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How I'm finding the silver lining while parenting during a pandemic

How I'm finding the silver lining while parenting during a pandemic

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Sam and Elliott Coffey

Sam and Elliott Coffey playing at home.

The other day, I was lamenting to my husband yet again about how fast time seems to be going.

I feel like it was just March — back when the coronavirus pandemic was just beginning for us here and when we were pretty much on lockdown at home. Now, suddenly, July is over and we’re talking about school starting.

We’ve missed out on so much stuff this year. My son missed saying goodbye to his classmates and teacher during his first year at school. We have barely seen any family and friends since March. We haven’t gone to the pool once — which is always at the top of our summer bucket list — and the family vacation we had hoped to take this year is on pause for who knows how long.

This year has taken a toll on all of us, and it’s easy to complain and focus on all the negative things we’ve had thrown our way. But I can’t live that way. I have to at least try and focus on the silver linings, or I feel like I’ll go crazy. So as I look back on these last four months of weirdness, I realized despite all the things we’ve missed, there are a lot of things we’ve gained.

And look: I know we still have it pretty good. My husband and I are still employed. We’re allowed to work from home. We haven’t had too many major disruptions. We’ve been stuck at home for what seems like forever, but one of the silver linings is just that: being home. I get to spend so much time with my boys.

It’s no secret that I have always wanted to be a stay-at-home mom to my boys, who are 6 and 3. I would have loved to have had a couple of years home with them when they were smaller. But working made more sense for my family, and that’s just something I accepted. I didn’t ever think I’d get a chance to be home with my kids during the week (not including vacations).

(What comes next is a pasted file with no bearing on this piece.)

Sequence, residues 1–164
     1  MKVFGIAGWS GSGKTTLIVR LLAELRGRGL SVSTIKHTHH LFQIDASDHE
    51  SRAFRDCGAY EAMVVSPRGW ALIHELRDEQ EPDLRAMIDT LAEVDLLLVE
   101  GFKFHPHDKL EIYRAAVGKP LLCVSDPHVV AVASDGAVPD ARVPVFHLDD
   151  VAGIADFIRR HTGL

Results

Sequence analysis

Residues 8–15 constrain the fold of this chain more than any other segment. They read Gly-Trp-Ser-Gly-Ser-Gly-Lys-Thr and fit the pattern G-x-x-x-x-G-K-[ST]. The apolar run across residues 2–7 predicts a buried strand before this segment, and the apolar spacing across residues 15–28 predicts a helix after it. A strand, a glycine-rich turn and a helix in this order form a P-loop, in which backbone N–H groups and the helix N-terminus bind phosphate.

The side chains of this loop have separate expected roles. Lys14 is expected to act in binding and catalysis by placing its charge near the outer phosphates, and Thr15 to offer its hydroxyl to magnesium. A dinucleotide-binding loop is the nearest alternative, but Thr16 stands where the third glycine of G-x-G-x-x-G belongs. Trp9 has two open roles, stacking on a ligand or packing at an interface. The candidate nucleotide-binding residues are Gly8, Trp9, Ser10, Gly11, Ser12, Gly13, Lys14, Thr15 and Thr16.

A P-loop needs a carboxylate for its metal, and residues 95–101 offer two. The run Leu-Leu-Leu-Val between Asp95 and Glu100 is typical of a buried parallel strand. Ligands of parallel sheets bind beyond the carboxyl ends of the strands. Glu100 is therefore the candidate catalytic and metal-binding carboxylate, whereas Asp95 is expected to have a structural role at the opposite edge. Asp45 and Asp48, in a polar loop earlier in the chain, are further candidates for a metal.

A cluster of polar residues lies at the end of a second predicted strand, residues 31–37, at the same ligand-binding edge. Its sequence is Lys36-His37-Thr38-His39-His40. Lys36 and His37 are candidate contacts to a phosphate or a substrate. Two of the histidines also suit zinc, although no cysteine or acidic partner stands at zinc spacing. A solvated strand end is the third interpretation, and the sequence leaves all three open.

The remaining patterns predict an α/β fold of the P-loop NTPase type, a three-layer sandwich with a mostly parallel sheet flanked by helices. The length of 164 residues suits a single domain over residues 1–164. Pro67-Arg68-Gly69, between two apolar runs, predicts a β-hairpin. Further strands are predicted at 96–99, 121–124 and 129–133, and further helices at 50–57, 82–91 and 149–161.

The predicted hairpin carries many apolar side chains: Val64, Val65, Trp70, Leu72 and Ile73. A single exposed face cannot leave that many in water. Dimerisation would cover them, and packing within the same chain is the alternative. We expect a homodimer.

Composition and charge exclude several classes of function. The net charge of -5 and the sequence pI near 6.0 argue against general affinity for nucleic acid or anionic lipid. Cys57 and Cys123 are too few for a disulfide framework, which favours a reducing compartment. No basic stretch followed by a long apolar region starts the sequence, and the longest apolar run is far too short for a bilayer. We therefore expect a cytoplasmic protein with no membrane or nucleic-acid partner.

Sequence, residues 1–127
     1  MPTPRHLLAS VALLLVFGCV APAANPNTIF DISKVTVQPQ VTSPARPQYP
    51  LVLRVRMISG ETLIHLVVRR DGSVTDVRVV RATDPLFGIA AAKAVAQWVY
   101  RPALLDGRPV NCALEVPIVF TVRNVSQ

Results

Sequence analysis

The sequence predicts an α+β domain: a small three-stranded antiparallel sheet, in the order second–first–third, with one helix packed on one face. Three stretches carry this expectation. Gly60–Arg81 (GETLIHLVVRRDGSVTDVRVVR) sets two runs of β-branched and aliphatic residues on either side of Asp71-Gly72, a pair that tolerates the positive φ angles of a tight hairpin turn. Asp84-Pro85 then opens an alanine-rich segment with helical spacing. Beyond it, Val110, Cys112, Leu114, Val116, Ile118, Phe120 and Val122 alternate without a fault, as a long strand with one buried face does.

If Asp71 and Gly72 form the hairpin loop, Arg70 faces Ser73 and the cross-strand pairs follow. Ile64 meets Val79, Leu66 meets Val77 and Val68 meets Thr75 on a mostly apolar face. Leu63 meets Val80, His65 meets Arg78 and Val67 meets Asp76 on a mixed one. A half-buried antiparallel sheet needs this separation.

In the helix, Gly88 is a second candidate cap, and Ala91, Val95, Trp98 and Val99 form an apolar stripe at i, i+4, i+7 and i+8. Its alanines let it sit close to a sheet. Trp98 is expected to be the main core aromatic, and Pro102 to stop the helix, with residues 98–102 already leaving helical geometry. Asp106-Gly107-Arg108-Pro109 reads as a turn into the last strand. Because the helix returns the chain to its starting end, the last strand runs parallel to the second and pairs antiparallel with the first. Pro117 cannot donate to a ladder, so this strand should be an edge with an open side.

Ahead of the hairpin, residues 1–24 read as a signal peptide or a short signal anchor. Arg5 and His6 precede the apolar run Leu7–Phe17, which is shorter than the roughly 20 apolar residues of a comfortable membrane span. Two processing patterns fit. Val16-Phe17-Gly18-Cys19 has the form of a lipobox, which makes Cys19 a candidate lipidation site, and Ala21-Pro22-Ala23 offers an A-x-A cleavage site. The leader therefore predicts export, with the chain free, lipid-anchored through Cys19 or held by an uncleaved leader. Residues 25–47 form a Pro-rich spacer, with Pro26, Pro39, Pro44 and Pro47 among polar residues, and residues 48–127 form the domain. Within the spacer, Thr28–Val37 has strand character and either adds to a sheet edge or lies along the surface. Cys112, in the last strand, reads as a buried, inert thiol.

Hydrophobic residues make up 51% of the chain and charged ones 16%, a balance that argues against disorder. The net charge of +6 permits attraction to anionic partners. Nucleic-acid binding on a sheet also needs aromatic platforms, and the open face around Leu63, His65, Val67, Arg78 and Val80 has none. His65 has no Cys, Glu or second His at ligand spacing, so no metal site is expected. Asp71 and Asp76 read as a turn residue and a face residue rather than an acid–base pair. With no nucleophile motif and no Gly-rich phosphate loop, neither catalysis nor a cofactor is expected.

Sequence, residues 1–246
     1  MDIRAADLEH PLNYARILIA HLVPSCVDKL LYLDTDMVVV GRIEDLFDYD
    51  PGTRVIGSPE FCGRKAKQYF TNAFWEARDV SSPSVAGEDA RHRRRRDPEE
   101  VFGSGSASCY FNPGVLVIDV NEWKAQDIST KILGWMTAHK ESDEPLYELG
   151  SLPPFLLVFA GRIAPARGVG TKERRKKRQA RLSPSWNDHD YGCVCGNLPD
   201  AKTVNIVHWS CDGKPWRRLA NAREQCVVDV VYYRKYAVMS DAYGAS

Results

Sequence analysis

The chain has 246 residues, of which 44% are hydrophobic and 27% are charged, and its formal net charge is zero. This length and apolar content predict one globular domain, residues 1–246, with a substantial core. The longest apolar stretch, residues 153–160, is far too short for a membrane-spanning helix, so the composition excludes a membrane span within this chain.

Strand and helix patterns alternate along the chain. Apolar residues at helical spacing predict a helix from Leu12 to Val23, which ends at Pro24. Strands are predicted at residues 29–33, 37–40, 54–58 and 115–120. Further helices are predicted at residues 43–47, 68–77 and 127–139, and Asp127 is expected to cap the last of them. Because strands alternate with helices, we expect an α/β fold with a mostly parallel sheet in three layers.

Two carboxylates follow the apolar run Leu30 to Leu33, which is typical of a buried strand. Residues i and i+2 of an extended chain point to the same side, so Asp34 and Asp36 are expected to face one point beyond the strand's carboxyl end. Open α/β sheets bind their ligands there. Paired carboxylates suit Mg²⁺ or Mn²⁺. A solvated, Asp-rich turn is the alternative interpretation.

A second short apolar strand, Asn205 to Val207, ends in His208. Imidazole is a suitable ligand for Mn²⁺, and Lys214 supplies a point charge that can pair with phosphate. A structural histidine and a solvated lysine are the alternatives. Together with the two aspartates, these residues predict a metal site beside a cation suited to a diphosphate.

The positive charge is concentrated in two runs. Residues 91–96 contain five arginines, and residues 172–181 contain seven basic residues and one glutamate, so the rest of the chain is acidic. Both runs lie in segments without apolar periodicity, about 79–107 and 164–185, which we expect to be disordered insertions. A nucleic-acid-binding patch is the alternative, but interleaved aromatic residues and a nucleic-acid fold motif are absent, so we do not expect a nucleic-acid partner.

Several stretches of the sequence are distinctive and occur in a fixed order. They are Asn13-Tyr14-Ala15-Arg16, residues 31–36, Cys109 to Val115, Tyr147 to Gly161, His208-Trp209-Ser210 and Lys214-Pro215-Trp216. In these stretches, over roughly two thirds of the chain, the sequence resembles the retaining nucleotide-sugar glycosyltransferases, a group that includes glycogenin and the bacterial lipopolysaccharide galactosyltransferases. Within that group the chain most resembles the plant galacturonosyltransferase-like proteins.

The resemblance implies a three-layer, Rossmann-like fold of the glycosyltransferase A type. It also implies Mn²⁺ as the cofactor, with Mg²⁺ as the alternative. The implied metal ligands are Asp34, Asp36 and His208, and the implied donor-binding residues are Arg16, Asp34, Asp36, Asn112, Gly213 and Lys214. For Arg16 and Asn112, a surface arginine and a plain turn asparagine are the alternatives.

Sure, I’m working from home (which I feel incredibly lucky about), but I still feel like I’m getting a taste of what it’s like to be a stay-at-home mom and being around my kids more. It’s nice to be able to enjoy breakfast together without rushing out the door for school and work. I also absolutely adore being able to make an actual lunch at home and sit with them, too. They sure beat my reheated leftovers in an empty cubicle. And my afternoon walk break is so much more interesting with my kids and dog in tow.

I know it’s not always easy to work from home with kids. It can be tough to do a Zoom meeting, edit or write while my kids request something from me every 10 minutes. (It’s not always that often, but it sure feels that way some days!) Because they’re so young, I am forced to take more breaks to care for and entertain them. And maybe it’s because I know it won’t last forever, but I don’t mind that all the breaks usually push my work day well past 5 p.m. each day.

The other silver lining has just been an overall slower lifestyle. While I feel sad about things being canceled or places having closed, it’s forced my family to slow down. Before the pandemic, we worked all week, so our weekends were always packed with trying to fit in as much fun, family time or visits with friends as we could. My husband and I always felt we had to “make up” time being away from the boys during the week. I never realized how wonderful and freeing it was to do absolutely nothing on a weekend.

Plus, without the stress of having to commute everywhere and do everything there is to do, I feel more balanced. I can squeeze laundry in before a work interview. I get to take small breaks to play with my kids (even if my workday ends up being longer because of them). We eat every single meal together.

I know being home all the time isn’t for everyone, but we’ve come to embrace it and have found we’ve really enjoyed it. I feel way more productive work-wise. And I’m happier. Being forced to slow down and take stock of what’s really important in life has been eye-opening. I’m not sure what my kids are going to remember of this time at home together. I’m sure my youngest, Elliott, probably won’t remember much of anything. But I’m hoping whatever they remember, that it’s memories of “that time we stayed home all the time with mommy and dada.”

I know I will cherish this time together for as long as I live.

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